The European Central Bank’s Forum on Central Banking this year in the Portuguese resort of Sintra was devoted to understanding why wage growth and inflation have been so feeble. Over two days the assembled economists and central bankers listened to contributions from some of the finest minds in the profession—culminating in a final panel that featured the heads of the central banks of the U.S., Japan, the euro zone, and Australia. None of these central bankers currently has wage growth in their home economy that is high enough to ensure that they achieve their inflation target for a prolonged period or deliver decent growth in real incomes for the median worker.
In 2009 there were six unemployed workers for every job vacancy in the U.S. Today that ratio is slightly less than 1 to 1. The cautious consensus at Sintra was that it was only a matter of time before wages finally started to respond to a tightening labor market. But no one was willing to make that prediction with any great confidence. Indeed, the experience of Philip Lowe, the governor of Australia’s central bank, suggests that a tighter market could be a long wait. Annual wage growth is barely 2 percent in Australia now, despite 27 years of uninterrupted economic growth.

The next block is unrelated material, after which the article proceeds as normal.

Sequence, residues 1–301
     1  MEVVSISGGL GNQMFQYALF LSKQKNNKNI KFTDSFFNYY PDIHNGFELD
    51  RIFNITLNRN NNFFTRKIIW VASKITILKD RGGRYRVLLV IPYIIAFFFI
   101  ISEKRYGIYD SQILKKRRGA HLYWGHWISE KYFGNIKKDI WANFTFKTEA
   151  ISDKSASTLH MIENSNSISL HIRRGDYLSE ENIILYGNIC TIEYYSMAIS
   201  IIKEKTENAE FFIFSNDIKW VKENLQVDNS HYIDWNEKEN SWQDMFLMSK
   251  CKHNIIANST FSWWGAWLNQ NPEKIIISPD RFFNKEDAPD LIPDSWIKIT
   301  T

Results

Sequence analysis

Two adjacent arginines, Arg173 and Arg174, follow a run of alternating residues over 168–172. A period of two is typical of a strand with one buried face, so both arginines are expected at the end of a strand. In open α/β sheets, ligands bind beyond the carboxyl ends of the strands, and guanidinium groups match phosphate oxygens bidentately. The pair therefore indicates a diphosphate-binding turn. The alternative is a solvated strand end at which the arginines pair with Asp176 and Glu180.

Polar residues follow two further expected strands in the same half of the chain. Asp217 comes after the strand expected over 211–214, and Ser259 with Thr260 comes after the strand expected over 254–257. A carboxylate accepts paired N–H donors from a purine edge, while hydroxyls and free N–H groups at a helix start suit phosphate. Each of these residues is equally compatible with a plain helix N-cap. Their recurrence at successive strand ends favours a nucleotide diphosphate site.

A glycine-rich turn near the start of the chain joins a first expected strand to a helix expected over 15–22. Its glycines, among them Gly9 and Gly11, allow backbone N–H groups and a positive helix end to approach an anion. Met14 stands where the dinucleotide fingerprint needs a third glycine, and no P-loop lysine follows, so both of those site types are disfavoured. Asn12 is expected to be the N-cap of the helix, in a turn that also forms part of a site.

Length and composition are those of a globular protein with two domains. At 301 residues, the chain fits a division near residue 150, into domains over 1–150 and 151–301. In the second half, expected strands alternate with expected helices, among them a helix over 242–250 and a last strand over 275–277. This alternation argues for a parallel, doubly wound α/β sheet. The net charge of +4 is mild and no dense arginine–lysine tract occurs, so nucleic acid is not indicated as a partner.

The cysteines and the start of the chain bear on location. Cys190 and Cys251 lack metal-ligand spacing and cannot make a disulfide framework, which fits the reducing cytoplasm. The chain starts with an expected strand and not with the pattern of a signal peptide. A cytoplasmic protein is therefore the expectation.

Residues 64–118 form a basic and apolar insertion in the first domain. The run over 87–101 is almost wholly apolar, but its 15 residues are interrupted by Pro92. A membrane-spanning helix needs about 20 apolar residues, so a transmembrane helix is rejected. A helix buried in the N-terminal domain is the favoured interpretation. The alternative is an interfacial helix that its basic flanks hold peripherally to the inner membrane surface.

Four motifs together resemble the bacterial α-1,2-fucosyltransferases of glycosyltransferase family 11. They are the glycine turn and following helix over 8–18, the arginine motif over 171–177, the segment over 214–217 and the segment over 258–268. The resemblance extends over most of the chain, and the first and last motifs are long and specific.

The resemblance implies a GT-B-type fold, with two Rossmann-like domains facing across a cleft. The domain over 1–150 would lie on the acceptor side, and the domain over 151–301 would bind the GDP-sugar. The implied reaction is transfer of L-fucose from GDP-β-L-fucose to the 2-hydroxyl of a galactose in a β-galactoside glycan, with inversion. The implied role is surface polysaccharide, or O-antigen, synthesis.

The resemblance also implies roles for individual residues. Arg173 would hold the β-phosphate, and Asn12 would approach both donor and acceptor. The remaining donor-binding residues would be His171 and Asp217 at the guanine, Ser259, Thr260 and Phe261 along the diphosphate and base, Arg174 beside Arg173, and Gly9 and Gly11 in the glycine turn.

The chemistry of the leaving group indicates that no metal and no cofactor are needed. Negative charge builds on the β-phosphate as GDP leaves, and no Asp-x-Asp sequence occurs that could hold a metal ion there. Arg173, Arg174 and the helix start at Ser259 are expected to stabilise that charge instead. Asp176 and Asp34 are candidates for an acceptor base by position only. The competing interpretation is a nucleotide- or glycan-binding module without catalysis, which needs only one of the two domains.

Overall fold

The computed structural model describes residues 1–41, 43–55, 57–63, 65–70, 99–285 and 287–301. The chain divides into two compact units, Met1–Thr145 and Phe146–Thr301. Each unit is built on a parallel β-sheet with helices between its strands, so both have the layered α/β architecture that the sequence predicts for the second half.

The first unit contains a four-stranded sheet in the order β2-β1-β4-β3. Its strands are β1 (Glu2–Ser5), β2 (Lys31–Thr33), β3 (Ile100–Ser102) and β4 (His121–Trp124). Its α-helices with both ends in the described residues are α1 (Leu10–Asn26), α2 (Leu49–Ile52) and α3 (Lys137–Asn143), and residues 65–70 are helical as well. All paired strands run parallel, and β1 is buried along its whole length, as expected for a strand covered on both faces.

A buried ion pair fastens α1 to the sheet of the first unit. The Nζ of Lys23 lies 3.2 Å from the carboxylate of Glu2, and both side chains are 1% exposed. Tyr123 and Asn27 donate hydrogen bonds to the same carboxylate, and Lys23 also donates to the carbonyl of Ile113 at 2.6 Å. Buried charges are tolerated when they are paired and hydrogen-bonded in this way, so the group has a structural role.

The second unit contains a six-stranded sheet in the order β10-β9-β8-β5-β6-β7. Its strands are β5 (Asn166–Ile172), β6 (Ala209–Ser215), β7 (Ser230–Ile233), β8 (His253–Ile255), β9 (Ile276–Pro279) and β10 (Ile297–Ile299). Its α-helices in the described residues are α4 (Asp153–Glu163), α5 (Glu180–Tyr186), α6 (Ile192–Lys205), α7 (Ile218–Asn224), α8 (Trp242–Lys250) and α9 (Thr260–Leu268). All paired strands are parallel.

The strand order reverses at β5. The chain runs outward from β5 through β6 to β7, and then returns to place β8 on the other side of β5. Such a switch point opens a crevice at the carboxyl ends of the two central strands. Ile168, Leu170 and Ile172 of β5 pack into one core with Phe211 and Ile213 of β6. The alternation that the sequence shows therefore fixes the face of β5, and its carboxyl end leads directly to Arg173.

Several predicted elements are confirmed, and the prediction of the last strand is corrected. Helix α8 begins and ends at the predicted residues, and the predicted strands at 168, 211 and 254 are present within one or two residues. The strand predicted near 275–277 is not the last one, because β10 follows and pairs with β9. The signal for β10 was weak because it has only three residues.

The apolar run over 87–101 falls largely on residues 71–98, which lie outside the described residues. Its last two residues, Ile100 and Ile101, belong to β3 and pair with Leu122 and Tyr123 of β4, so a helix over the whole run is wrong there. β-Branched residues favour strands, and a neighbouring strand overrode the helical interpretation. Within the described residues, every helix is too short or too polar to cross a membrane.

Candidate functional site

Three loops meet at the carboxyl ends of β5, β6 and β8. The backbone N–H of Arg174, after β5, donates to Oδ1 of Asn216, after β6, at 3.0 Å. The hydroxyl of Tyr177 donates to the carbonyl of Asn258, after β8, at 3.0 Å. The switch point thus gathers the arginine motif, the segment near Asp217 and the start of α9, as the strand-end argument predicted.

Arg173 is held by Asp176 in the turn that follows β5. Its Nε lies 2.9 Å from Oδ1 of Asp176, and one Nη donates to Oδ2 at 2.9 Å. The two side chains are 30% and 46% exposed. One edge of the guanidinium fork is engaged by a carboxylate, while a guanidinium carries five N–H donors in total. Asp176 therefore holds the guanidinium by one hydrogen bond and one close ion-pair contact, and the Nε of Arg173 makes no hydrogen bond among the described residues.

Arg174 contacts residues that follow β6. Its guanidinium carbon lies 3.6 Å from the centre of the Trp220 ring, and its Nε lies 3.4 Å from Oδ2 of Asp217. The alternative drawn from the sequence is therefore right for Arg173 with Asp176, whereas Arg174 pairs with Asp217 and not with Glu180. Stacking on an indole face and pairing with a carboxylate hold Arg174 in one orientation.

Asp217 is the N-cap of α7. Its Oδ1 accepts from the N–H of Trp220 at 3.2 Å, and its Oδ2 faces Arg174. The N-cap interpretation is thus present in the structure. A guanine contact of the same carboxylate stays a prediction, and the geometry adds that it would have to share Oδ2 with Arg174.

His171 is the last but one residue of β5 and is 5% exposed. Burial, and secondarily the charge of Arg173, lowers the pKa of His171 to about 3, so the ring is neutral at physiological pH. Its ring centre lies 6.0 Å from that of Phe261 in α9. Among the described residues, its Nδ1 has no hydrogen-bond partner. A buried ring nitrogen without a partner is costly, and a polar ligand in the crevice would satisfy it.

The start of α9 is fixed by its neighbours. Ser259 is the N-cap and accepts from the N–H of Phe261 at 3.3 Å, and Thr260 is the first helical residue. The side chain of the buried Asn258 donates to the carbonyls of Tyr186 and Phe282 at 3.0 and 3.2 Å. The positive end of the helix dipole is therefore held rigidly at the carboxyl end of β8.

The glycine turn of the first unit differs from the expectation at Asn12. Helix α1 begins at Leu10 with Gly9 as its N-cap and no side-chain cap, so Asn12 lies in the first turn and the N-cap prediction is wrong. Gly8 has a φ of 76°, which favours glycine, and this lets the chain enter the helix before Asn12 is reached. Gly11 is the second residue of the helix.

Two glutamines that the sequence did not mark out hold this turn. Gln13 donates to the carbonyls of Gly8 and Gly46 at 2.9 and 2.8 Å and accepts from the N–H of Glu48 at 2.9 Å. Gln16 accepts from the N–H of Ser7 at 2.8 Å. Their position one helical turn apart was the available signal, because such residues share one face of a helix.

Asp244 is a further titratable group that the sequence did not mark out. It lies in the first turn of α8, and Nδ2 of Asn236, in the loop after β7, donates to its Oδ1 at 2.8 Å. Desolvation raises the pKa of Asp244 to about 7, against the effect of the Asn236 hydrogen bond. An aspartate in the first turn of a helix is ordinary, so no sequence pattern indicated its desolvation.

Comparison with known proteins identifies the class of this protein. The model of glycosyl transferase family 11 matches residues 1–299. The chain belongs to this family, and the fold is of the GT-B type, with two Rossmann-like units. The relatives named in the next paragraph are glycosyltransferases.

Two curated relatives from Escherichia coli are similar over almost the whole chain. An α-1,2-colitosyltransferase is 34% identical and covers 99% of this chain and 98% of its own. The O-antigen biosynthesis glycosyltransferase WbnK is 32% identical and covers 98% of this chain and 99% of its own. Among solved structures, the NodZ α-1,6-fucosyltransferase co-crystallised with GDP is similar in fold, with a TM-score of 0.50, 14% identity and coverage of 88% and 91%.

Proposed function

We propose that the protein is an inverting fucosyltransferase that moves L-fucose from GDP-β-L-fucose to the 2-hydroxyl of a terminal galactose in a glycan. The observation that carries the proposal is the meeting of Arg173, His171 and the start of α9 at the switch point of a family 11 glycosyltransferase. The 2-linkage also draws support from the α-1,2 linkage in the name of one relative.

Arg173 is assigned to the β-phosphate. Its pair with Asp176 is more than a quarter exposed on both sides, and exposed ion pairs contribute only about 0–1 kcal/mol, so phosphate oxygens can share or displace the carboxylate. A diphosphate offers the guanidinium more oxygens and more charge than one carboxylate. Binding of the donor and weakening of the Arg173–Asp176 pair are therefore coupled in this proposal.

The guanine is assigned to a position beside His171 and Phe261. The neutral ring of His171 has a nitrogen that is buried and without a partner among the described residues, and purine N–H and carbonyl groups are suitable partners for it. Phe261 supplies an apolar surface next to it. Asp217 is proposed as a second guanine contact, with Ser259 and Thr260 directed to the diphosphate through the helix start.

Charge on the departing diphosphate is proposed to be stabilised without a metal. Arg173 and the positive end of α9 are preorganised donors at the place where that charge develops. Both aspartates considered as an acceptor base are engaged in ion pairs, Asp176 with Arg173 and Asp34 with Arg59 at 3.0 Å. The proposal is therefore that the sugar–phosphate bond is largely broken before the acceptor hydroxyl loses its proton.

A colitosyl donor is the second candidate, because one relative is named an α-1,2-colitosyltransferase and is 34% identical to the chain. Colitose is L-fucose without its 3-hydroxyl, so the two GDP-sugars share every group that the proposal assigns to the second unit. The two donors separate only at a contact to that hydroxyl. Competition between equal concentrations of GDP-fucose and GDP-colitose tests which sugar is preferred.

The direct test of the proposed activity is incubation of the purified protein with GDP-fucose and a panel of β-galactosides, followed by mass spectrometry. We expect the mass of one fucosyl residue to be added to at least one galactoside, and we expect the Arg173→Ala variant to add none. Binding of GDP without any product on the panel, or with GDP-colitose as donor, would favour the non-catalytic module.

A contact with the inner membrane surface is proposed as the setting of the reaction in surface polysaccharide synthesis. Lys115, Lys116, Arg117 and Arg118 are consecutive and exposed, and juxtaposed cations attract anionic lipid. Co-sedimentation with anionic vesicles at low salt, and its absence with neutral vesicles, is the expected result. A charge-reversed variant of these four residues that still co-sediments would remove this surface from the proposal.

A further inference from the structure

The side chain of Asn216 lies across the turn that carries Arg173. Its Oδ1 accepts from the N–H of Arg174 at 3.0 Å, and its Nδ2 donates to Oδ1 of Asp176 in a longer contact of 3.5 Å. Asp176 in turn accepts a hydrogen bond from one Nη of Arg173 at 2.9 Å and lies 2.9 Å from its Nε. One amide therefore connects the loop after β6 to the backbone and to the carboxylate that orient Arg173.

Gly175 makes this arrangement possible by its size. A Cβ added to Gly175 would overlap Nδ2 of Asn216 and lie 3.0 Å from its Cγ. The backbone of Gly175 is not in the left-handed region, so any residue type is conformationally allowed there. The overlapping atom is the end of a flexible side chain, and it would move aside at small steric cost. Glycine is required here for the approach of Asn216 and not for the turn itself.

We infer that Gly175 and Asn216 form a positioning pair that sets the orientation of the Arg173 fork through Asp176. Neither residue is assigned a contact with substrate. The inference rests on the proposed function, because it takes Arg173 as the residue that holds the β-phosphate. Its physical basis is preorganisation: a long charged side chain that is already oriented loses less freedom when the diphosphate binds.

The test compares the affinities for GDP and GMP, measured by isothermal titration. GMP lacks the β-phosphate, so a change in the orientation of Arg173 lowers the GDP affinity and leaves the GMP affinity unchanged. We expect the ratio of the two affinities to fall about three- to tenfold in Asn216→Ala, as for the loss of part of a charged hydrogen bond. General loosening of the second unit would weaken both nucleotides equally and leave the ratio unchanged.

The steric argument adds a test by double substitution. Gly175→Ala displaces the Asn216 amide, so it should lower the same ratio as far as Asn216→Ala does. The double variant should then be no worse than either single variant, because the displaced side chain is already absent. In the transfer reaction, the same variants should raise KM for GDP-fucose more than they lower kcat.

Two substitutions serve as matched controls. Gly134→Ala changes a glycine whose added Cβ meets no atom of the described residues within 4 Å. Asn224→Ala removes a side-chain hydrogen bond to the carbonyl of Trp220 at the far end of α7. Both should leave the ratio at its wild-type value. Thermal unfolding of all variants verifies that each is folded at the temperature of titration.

The Organization for Economic Cooperation and Development confirms this in its latest survey of employment prospects across the advanced economies: Wage growth is “missing in action”—and the wage growth that we’ve seen hasn’t been evenly distributed. Across the OECD’s members, real labor incomes of the top 1 percent of earners have increased much faster than incomes of median full-time workers in recent years.